Proteins are made up of amino acids. 20 amino acids are used in the body. While all of these are necessary for proper growth, there are 9 amino acids which cannot be made in the body and must be consumed in the diet. These are known as “essential” amino acids (EAAs).

Proteins in animal products have a similar composition to those found in the human body which means they are a “complete protein” ie. they contain all 9 essential amino acids. Plant based protein does not contain all EAAs. This is why animal foods are considered to be “high quality” proteins.

How can you get all the Essential Amino Acids you need?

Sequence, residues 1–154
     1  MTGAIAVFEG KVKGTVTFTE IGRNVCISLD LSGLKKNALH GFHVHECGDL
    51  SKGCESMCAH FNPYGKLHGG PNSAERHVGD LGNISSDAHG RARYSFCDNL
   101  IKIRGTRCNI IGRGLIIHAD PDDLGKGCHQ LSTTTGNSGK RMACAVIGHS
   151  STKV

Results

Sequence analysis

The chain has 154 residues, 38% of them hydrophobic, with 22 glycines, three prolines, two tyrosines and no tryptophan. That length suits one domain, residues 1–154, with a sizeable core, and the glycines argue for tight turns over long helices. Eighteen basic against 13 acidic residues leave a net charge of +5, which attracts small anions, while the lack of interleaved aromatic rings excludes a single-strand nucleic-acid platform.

As a vegan or vegetarian, you need to eat protein from a variety of different sources in order to obtain all EAAs. In reality this is not a big deal.

It’s as easy as eating beans and rice for dinner and eating a handful of nuts during the day.

This is because grains are high in some amino acids that beans do not contain and vice versa. When we consume proteins from different foods, we do not need to worry about having a shortfall. You don’t need to eat these foods at the same time as the body will maintain a short term reserve for you.


If you’re more of a visual learner, you’ll love my graphic below showing some of my favourite plant based proteins and grams of protein per serving! Feel free to pin it to your Pinterest for easy access 🙂 

If you found this post helpful, you’ll also enjoy my blog on meal planning for plant based diets. Read the blog here or download my free Plant Based Meal Planning PDF.